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Are the Results of Your Chasing "Big Wins" Just a Closet Full of Pastel-Colored Dresses?

small-business-blog-always-bridesmaid

For some small businesses there are no sales opportunities, especially ones with the potential to bring the "big win," that they won't chase.  The lure of it is just too much to turn away from.  Many entrepreneurs chase the "big win" in hopes it either "put the company on the map" or "make it well."  It's almost intoxicating.  Or, more often, wishing and hoping!

For few small businesses find consistent success in constantly going after the "big win." Many finish second, behind bigger, stronger, more experienced competitors. "Always a bridesmaid, never a bride," that frustrating description of always getting close to winning the big prize, but never quite getting there, can be a devastating strategy.

In business, often like in life, finishing second usually means getting nothing but a "consolation prize." The literal version was a movie, "Bridesmaid," where the main character, lamented over her closet full of pastel-colored dresses. Unfortunately, many small businesses get the figurative version of that. They end up feeling good about how they got "so close," but, nonetheless, lost to either a bigger or better competitor. And in the process wasted precious resources and time that could have been dedicated to going after and closing smaller, oftentimes more profitable deals.

Now this doesn't mean entrepreneurs shouldn't chase after the "big win." It just needs to be done in a very measured way, by developing a sales strategy that neither depends on "big wins" nor eliminates chasing them. But how can that strategy ensure that you don't become "the best second place team?"

Here are four steps to avoid having "a closet full of pastel-colored dresses."

Pick and Choose Your Battles

With always limited resources, small business owners cannot afford to respond to every opportunity. Further, entrepreneurs can't continually pursue these "big win" kind of opportunities as a normal course of business. Pick and choose the situations where you chase; where you have the best opportunity to succeed. Maybe, less competition, maybe the size of customer that defines your business' "sweet spot." Whatever your criteria, it should be to increase your odds of winning.

Prepare...but Prepare to Back Out

Preparation is always critical, especially in understanding as much about the situation as possible. For example, if you're asked to bid on an RFP and the functional requirements/questions appear to be very specifically-focused around key functions of a competitive product offering, it might very well be that the deck is already stacked to their advantage, especially if that supplier is the incumbent in the situation. This one has "bridesmaid" written all over it. So knowing when to fold is equally important. Saves you resources, time and aggravation, later.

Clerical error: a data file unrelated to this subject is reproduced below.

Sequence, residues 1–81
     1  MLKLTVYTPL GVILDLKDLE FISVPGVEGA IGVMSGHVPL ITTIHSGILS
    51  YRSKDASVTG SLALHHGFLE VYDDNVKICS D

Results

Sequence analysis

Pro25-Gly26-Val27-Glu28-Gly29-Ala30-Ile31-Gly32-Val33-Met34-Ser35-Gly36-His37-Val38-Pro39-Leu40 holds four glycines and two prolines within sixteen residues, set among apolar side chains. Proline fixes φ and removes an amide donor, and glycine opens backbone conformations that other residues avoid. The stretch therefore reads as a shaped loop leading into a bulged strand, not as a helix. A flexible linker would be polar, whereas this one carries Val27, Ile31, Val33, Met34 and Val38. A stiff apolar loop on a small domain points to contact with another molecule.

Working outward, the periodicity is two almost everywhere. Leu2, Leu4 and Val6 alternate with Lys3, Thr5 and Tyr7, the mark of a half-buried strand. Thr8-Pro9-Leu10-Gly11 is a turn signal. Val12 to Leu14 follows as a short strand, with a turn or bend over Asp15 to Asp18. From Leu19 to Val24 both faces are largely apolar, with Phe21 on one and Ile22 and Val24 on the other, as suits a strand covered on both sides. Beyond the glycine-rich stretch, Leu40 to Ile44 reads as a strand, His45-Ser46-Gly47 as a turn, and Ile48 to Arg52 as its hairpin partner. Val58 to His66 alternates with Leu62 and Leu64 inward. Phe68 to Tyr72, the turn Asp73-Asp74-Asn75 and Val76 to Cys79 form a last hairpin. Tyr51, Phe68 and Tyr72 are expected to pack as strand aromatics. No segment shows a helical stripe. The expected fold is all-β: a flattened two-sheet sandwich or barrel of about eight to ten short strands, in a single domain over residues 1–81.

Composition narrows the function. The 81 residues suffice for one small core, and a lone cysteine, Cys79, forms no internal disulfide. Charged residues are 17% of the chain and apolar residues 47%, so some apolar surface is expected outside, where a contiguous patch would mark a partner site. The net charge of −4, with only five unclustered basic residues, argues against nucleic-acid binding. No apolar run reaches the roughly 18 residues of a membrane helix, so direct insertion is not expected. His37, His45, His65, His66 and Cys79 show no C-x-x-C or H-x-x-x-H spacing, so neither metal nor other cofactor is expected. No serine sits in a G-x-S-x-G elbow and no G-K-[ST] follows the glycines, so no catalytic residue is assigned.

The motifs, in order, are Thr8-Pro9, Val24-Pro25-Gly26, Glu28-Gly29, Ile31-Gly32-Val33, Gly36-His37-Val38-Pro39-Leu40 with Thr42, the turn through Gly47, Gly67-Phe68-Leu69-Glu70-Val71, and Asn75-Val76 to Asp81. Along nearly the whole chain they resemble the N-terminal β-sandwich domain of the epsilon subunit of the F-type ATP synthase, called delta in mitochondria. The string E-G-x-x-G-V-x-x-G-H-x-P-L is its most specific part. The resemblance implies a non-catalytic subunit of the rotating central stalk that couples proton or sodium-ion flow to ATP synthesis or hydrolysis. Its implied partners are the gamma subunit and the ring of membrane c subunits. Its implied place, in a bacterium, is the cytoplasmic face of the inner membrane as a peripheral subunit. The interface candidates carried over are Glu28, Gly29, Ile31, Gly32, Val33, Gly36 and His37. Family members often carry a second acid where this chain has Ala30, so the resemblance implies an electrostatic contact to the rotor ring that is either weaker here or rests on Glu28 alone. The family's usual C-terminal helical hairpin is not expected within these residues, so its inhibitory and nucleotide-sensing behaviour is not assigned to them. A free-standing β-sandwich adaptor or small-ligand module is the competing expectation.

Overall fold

Develop a Unique Approach/Solution

If you're one of the smaller, if not the smallest player in this "big win" situation, in order to get noticed and to increase your odds of winning, entrepreneurs have to try to "change the rules!" Obviously, it's a given that you want what your small business promises to be viewed as better, more valuable, more cost-effective, etc.

However, try to present your proposal in the most unique way possible, where it would be difficult for your prospective customer to completely compare apples to apples, be it through packaging (maybe providing "all-in" features/functions) or pricing (subscription vs. one-time purchase) as opposed to the typical a la carte way that most companies bid. And this can be done, even when responding to an RFP. Whatever you do, make it stand out, so they have to look deeper.

Learn and Grow

And finally, win or lose, learn from the situation. If you win, find out from your new customer, what drove their decision and build on it in future, comparative deals. If you lose, ask the prospect for a post-mortem meeting, or at worst case, a telephone call, to better understand what you could have done differently to have won. If there was nothing different you could have done except to have been a bigger company (and that happens, as you know, way more than you'd like to think) then you know that, in the future, these are not the kind of opportunities to go after...unless or until you get bigger!

The lure of the "big win," especially for entrepreneurs with small struggling companies, can sometimes be too great to avoid. Approach with caution. There is no consolation prize, no revenue, when your small business finishes second!

Master Yoda knows these things. His job it is. May success be with you!

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